We are happy to announce HaploGrep 2.0 –
Beta Version. We want YOU to give it a try, and help us to improve the software. We also want to say thanks to all the fruitful discussions, especially with our collaborators Antonio Salas and Hans Bandelt.
All new features will be introduced one by one in the next couple of weeks.
What you will notice in this first release:
- GUI didn’t change a lot 🙂
- The “Find HaploGroups” Button is not needed anymore
- A new tab (“Errors and Warnings”) shows problematic sequences based on a novel developed internal rule-system
- Annotation of Amino Acid Changes for remaining mtSNPs
- Import of VCF files (introduced below)
- Fasta export
- New server architecture based on REST
Feature-Highlights that will be released in the next weeks:
- Support of heteroplasmic sites (Y,R)
- New distance metrics for haplogroup classification
- Phylogenetic representation based on the rCRS tree for all samples
- Fasta Import
- Additional Quality Checks
- How to use the Rest API
We are looking forward to your feedback and your replies,
Hansi, Lukas, Sebastian
With the establishment of NGS-Devices and the resulting data flood, new file formats such as FASTQ, SAM, BAM or VCF became de-facto standards in the bioinformatics data world.
Especially the VCF-file containing the variants became of special interest in the user requests lately. There are some python scripts available, that convert a VCF file to a HaploGrep hsd file, as well as a publication with a tool that dedicates itself to this topic. To simplify your life, we decided to implement the VCF file import directly into HaploGrep2. You can give it a try with the 1000 Genome mtDNA VCF file from Phase 1:
1000G Phase 1 VCF File
It’s not always straight forward when working with the human mitochondrial DNA, even if it comes to the question: “what reference sequence do you use?” There should be just one reference and the questions therefore obsolete – what however is not the case.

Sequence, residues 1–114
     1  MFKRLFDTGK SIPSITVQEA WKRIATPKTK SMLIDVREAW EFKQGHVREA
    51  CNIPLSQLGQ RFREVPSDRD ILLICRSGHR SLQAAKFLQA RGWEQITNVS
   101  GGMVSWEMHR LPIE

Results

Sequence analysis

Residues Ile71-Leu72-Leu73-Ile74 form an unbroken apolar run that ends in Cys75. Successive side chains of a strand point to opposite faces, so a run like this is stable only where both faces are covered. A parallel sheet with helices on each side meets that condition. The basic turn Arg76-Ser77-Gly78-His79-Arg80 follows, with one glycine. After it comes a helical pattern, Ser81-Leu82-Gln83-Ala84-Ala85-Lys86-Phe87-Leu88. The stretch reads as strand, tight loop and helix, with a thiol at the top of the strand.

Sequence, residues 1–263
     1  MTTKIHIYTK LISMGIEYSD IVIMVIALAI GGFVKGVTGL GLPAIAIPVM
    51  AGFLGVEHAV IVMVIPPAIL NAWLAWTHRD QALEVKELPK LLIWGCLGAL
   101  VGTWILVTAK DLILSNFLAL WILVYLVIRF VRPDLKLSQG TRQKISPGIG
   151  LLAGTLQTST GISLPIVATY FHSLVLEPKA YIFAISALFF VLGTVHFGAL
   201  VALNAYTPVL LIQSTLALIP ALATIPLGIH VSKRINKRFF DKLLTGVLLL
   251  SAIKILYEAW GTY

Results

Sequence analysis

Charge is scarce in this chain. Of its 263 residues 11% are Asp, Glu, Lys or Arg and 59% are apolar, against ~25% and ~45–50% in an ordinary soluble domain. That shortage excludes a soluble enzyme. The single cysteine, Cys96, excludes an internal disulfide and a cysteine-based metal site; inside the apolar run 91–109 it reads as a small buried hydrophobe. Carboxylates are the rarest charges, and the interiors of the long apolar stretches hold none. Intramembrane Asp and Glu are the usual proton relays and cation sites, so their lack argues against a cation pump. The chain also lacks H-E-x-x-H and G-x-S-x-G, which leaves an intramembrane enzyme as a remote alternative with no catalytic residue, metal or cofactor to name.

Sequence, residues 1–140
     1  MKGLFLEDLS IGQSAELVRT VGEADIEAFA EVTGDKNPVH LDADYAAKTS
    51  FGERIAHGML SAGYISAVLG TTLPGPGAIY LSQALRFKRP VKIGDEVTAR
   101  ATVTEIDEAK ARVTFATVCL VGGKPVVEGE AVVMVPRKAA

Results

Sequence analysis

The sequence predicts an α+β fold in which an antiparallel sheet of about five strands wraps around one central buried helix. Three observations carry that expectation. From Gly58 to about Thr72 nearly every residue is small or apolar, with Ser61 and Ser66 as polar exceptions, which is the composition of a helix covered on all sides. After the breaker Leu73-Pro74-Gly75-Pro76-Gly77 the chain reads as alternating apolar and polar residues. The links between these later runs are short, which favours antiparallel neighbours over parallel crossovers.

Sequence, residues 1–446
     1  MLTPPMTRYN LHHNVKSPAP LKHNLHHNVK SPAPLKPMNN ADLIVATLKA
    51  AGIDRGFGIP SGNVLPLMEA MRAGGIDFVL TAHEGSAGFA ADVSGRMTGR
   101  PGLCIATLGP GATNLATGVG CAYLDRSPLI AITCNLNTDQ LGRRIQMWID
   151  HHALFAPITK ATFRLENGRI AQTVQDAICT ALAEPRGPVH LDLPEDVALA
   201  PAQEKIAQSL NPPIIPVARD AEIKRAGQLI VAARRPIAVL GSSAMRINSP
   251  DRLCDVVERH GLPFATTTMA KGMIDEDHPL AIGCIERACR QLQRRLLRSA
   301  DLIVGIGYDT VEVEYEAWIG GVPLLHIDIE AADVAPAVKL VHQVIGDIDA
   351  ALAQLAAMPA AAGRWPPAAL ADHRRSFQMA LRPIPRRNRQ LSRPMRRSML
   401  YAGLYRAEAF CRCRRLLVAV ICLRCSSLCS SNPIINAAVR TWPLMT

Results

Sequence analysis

Since the first sequencing of the human mitochondrial genome by Anderson et al. in 1981 the length was defined to be 16,569 base pairs naming it Cambridge Reference Sequence. Even if some years later errors in this first sequencing were corrected by Andrews et al. in 1999, (Genbank NC_012920.1) the new revised Cambridge Reference Sequence (rCRS) was kept the same length – although a deletion on 3107 was found, it was kept by introducing an N. So the 3107N is basically a deletion, kept so that the positions on CRS and rCRS are still comparable.
From many aspects, the choice of an european Haplogroup (H2a2a1) being the reference sequence is not the best one. Therefore Behar et al. proclaimed a new reference sequence in 2012 – a hypotetical one – the so called Reconstructed Sapiens Reference Sequence preserving the historical genome annotation numbering, but not starting with an leaf-sequence in the phylogenetic tree as is the case with the rCRS, but with a “mitochondrial Eve” as root. The two base insertion on 523-524 are represented as NN instead of AC, therefore the RSRS has 3 N positions (523N, 524N, 3107N). Mannis, the father of Phylotree made this table showing the differences between rCRS and RSRS.
We didn’t however change to the RSRS, since we agree with Bandelt et al., that an additional reference sequence causes confusion. But there’s yet another mtDNA reference sequence around, you should be aware of – present in GRCh37/ UCSC Hg19 or the older GRCh36/UCSC Hg18
It’s been a while now since the last update of HaploGrep. The last few updates were mostly due to the new Phylotree releases by Mannis. Some updates where due to user feedback – which we hope to improve with this blog, besides presenting new tools for human mitochondrial DNA data management and analysis.
In the next time we want to present new features, help with questions other users came across and ask you what features you’d like to have in HaploGrep.